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The shutter speed you can use is dependent on three things:

* Light Levels (typically measured as EV or Exposure Value for photography)

* Aperture

* ISO speed (same thing as ASA speed or film speed).

If you're getting different results from another camera, it's probably using different aperture settings for the same film (ISO speed) and lighting, or you're metering the scene differently (resulting in a darker exposure for the same aperture and film speed before "pushing" in PP).

There shouldn't be any difference in shutter speed, if the lghting, aperture and ISO speed (a.k.a., film speed) is identical, if you want the same exposure (brighter or darker), unless you're doing something that's robbing the camera of light (like using a Polarizer will do).

The same exposure calculators you see for film also apply to digital, unless the manufacturer is "fudging" the ISO speeds. If anything, Canon cameras tend to be off in the other direction (sometimes they test slightly more sensitive than their indicated ISO speed).

Here is a handy online exposure calculator you can use to get an idea of the relationship between film speed (ISO speed), light, aperture and shutter speed.

http://www.robert-barrett.com/photo/...alculator.html

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Old Jun 27, 2006, 4:26 PM   #8
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You can transpose an EV reading from a handheld meter to any camera (i.e. the same as Pentax, Nikon or Canon) :idea:
What time of day are you shooting at??? :lol: :-) :G

I never exceed 400... Most of my shots are around 100-200 (check the Exif):
http://www.pbase.com/nhl/p_wildlife

-> I pop my flash up after that! :?
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Old Jun 28, 2006, 3:17 AM   #9
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squirl033 wrote:
Quote:
thanks, guys, i know all that. i've been using polarizers ever since my days with an old Pentax ME Super. what puzzles me is that i seem to need to use higher ISO settings even without the filter, in what my other camera seems to "think" is good light. i probably haven't taken 10 frames with this 30D at ISO settings less than 400... it just doesn't seem to give me enough shutter speed to avoid camera shake and/or maintain a decent aperture (i.e. > wide open) witheither of my lensesunless i bump the sensitivity up. is this typical for the Canon cameras? i know they're less noisy at higher ISO settings than other cameras, is that because users have to employ those higher settings to get proper exposures?shouldn't i be able to set the ISO to 100 or 200 in bright light (without the polarizer), and still yield acceptable shutter speeds? or am i just expecting too much?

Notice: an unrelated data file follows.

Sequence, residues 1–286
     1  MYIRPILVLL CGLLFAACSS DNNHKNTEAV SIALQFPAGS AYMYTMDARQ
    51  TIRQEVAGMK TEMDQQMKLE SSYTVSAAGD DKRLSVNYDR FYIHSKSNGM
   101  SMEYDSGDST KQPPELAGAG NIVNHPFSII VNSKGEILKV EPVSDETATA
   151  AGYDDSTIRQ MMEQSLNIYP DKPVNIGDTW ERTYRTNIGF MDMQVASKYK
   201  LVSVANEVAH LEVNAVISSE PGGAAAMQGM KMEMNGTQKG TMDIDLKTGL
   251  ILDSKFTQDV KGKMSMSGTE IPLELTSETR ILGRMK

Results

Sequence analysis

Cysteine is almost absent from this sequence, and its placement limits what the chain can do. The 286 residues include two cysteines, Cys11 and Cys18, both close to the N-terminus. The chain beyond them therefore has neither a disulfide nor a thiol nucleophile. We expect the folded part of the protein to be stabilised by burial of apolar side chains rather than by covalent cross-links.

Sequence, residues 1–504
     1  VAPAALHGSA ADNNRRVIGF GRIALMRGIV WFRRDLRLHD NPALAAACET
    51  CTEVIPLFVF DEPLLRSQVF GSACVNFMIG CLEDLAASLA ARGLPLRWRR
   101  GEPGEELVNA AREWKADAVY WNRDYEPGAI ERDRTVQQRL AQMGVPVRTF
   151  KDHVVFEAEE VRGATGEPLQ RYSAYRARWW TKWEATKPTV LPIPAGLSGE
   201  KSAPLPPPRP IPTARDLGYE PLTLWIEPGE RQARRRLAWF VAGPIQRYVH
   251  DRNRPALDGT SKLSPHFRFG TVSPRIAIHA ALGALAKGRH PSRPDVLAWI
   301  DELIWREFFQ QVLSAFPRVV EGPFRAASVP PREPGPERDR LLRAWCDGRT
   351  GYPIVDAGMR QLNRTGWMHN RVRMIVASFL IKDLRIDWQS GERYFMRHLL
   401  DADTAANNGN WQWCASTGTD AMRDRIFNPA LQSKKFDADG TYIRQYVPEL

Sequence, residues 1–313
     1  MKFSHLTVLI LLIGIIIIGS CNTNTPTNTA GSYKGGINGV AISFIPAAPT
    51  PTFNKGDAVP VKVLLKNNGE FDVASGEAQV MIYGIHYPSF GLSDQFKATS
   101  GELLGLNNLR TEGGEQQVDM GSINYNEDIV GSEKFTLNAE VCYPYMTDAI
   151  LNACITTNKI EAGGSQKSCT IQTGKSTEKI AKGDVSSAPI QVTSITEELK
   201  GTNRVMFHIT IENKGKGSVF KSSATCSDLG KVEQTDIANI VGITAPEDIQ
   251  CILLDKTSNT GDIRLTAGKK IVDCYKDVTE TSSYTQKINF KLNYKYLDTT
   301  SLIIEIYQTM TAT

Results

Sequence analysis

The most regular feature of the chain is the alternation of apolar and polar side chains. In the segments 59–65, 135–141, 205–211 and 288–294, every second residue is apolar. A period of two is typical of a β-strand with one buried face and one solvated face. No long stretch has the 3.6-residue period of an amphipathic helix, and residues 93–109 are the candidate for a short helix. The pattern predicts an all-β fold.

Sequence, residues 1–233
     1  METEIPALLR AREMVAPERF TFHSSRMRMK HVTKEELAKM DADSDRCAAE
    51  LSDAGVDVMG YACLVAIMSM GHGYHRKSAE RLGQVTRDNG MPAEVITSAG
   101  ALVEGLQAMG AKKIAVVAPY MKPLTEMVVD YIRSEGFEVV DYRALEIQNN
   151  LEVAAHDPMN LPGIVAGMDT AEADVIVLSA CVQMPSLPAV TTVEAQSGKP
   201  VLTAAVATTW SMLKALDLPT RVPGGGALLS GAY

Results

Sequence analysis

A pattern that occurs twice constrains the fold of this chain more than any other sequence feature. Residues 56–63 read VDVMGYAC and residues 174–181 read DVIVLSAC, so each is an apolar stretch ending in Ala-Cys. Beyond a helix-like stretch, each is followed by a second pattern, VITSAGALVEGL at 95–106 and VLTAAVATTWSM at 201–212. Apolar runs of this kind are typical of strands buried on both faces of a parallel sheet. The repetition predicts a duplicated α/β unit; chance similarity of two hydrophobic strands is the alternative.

You're not expecting too much. If you are correct about this, then there is something wrong with your camera.

ISO is ISO is ISO. That is the whole point. (Well OK, perhaps there are slight variations, but always less than 1 stop between exposure and metering systems.)

If anything the Canon ISO rating is supposed to be higher than the correct value. i.e. ISO 100 is closer to ISO125, ISO 3200 is closer to ISO 4000.

A few things to consider (overlap with what Jim said):

1. Make sure youare not using ANY filters, including UV and all those "protective"pieces ofcheap glass people seem determined to cover their expensive lenses with.

2. What metering mode you are using? It is possible that you have set the metering to a mode you are not familiar with, and which behaves differently from your previous camera. If in doubt set your camera to spot metering and get yourself an 18% grey card and meter that way.

3. Are you sure you haven't dialled in any exposure compensation? It's quite easy to do by accident on the 20D and I presume therefore on the 30D too. Just check the top LCD to make sure.

4.What is the histogram telling you about your exposures?


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Old Jun 28, 2006, 6:22 AM   #10
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There's a reason as to why they called it ISO: http://www.iso.ch/iso/en/CatalogueDe...CSNUMBER=37777

-> It could be the lenses you're using too
In the older days I always shoot with a 50mm f/1.4 or some other primes (zooms were not that good back then). The zooms now are f/5.6 on average so that's like 4-5 stops difference, and twice the light loss in a polarizer...

Plus where can one buy >400 ASA film back then? :-) :lol: :G